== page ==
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Oakland Athletics Week 21 Review

In which the A's win the first of three rounds against the Angels.

Coco is back, despite his neck.
Coco is back, despite his neck.
Kyle Terada-USA TODAY Sports

The Oakland Athletics bounced back from their recent slump to go 3-2 last week, and their timing couldn't have been better. After splitting a pair of games against the New York Mets, the A's took two out of three from the division-leading Angels and cut the deficit in the standings to one game. It should be noted that this was the third stop on the Angels' three-city road trip, and that the A's struggled when put in similar travel situations this year, but there's no need to qualify these wins. Let's just enjoy the fact that our boys got back on track in the games that mattered most, against the team they are fighting for the AL West crown.

The offense reappeared thanks to both some usual suspects and some unlikely contributors. Alberto Callaspo led the way by going 8-for-17 with a homer and a double, Stephen Vogt and Derek Norris each went 5-for-15 with two doubles (and Vogt added a homer), and Coco Crisp got back into the swing of things by going 7-for-23 with a homer, a triple, and two doubles. Andy Parrino hit his first home run as an Athletic, and only the second of his MLB career. Josh Reddick also hit one out. On the down side, Brandon Moss went 0-for-13 and is hitless in his last 24 plate appearances (though he has six walks in that time). Overall, the A's scored 22 runs in their five games, and no fewer than four in both losses. They only managed two runs on Saturday against the Angels, with one scoring on a wild pitch, but that was enough to earn the win.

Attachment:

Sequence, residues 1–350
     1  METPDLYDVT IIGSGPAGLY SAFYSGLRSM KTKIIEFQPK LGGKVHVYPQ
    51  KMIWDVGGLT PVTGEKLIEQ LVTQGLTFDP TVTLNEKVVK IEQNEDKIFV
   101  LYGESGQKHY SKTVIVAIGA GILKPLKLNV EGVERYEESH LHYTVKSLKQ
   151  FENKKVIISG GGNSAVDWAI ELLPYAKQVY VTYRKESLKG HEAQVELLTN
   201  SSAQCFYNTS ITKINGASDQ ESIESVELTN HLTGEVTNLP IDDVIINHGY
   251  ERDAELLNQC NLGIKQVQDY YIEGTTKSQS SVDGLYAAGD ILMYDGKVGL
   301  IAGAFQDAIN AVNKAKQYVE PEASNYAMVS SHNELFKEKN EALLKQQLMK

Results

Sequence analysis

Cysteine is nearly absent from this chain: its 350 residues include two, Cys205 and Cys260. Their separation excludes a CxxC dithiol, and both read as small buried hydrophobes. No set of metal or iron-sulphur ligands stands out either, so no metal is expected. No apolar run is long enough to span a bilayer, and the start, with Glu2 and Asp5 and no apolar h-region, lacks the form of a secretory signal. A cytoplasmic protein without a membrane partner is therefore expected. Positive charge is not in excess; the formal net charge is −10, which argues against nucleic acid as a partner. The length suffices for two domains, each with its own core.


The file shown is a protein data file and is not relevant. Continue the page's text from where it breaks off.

The pitching was a bit less consistent. Jon Lester was dominant on Saturday (seven innings, one run), Sonny Gray pitched into the ninth in Friday's victory, and Scott Kazmir allowed just one run through six to beat the Mets. However, Kazmir got rocked in his second start of the week and Jeff Samardizja got lit up by New York; both pitchers gave up seven runs without making it out of the fourth inning. Jesse Chavez came on in long relief for both of those disaster starts, but he was unable to put out the fire with a scoreless outing either time. Sean Doolittle picked up a pair of saves against the Angels but then went on the DL with a strained muscle in his side. Other than Chavez, Ryan Cook was the only reliever to allow a run.

Here are the main stories from the last week.

Coco is back

Coco Crisp has been struggling lately, and for the most part we assume it's due to his lingering neck injury. However, he came up with some big hits last week and allayed many concerns about his health. He even hit a home run from the right side of the plate, which is supposed to be the side that gives him the most problems.

... also, LOL:

That proved to be the winning run in a 2-1 victory.

Parrino makes his case

Andy Parrino is currently the guy who floats back and forth between Oakland and Sacramento whenever the A's need (or don't need) an extra middle infielder. Parrino would like you to know that he is interested in staying in the Majors full-time. Here he is flashing his leather:

... here he is with some quality situational hitting, driving in the runner from third in a close game:

And here he is hitting his first home run as an Athletic.